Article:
So we did our very first ever clinic yesterday and it was so informative. SW brought in HP, someone she had worked with previously, who is a USDF silver medalist, and somewhat of a young horse specialist. I tacked Cruise up in a stall adjacent to the arena and got to partially observe the lesson before us which was really nice. Cruise was very “up” and we did lots of TRT in the stall and as ground work while the previous lesson finished up. I introduced myself to HP and explained our back story while we did some more groundwork and then she filled me in about herself while I got Cruise chill enough to get on. I really appreciated her patience while I got him down a bit, something I wasn’t sure about a dressage clinician being ok with.
Once he was under saddle he was pretty reasonable, we did a few TRT patterns, walked around HP on a 20m circle and she gave me her thoughts. Three big things emerged and none of them had to do with my biomechanics. Shockingly.
Firstly, HP asked if all the groundwork and under saddle patterns I was using are western world oriented. I said, basically, yes. The problem with that, she said, is that western horses don’t need as much go, so the emphasis is on slow and dressage horses need go. She doesn’t want me to give up slow but for every slow there should be a go, so that we are practicing go as much as slow and go is fluid. That way we aren’t slow slow slow, super excited GO. Or completely non forward and non matching energy go. Makes total sense to me and within 30 seconds of a slow footwork exercise and then asking for much more forward right after, we had better engagement. This is something SW has been saying to me but in a different way. SW kept saying more forward, but the idea of for every slow, a go, really resonates with me for whatever reason.
I explained to HP how Cruise is lazy at home and fired up on the road and she had a great response to that. The more he pays attention to me at home and is 100% on my aids the more he will focus on me in tougher environments. By letting him give a half response at home, I’m letting him only have half his focus on me. He does stuff at home but very half heartedly. She said that by improving his responsiveness and focus at home I will make my life much easier at lessons, clinics, and shows. Hmmmmmm…this really hit me about being much pickier at home leading to better focus other places.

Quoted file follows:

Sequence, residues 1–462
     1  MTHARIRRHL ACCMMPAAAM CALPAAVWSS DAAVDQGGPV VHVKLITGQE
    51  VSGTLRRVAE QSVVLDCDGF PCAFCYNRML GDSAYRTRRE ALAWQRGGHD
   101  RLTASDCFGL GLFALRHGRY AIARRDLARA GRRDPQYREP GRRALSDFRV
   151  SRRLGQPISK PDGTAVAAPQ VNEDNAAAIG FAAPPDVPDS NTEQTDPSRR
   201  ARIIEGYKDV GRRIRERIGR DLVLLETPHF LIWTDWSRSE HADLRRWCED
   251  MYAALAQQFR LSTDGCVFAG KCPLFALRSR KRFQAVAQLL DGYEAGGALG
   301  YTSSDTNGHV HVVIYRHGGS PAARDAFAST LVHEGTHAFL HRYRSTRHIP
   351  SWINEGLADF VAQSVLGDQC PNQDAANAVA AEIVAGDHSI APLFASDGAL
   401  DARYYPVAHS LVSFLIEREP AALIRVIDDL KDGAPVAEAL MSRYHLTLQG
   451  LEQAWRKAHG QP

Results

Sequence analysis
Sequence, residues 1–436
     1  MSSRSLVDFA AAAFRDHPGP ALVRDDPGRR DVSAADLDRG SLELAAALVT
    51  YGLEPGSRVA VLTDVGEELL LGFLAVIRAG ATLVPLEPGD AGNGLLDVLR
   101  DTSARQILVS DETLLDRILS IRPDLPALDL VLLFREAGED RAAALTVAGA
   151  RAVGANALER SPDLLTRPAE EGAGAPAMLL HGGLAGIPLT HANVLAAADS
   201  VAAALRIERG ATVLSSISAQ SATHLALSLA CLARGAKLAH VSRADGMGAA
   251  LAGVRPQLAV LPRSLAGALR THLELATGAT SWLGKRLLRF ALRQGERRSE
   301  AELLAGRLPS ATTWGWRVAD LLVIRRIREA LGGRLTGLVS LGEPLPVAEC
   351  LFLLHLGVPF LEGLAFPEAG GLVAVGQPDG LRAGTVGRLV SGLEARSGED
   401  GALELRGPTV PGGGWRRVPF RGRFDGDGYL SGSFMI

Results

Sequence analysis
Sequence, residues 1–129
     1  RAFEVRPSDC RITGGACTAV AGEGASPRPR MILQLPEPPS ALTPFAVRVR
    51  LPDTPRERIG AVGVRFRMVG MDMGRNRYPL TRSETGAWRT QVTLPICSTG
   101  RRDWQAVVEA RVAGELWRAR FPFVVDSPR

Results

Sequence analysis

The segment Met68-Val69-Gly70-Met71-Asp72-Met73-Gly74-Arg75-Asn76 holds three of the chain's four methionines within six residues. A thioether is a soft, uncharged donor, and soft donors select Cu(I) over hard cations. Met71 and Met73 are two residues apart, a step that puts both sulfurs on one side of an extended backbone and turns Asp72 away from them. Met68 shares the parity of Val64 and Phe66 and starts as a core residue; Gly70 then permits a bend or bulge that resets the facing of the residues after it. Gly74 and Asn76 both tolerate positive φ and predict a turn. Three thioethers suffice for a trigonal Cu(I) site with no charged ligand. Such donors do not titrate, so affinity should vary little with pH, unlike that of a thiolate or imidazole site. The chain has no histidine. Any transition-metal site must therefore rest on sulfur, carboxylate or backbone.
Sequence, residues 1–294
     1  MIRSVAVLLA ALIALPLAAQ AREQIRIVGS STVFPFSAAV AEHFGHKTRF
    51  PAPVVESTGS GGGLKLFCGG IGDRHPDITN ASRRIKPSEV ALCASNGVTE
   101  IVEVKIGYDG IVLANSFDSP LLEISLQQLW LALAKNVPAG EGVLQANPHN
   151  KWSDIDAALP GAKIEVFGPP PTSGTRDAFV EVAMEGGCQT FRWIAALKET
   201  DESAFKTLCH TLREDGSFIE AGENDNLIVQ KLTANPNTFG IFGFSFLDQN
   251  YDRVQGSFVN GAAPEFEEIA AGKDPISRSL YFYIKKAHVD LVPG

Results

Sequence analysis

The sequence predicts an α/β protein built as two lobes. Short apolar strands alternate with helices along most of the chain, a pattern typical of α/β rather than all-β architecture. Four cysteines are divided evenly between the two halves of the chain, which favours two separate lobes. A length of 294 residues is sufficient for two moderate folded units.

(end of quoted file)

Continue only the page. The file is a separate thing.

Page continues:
And speaking of focus, she said that she would ride him by keeping him constantly busy. Shoulder fore, forward and back, circles, haunches in and out on the circle, counter bends, leg yields, the list goes on and on. She had me ride him like that and within 1-2 minutes, even with another horse in the ring, he was totally focused on me, rhythmic and flowing. At the walk and the trot. HP said, basically, I’ve installed all these buttons on this horse and then I sit up there and allow him to focus on other things than me when I have the tools to have him paying attention to me and not the environment. I can’t even tell you how mind blowing this was for me. She had us shoulder fore or counter bend or haunches out and he easily did it even though he’s never really done it before. I’ve been riding him like a total green bean after having installed all these buttons he has no problem with me using. Feeling a little dumb.
So anyway, you can see how this was a super informative clinic for me. I probably only rode for 15 minutes and she totally pegged us. I hopped on this morning and did a go for every slow, kept him busy and changed things up constantly, and he was so much more responsive and focused. Some of the work was the best he has ever done. Excited to implement these changes and see where it leads!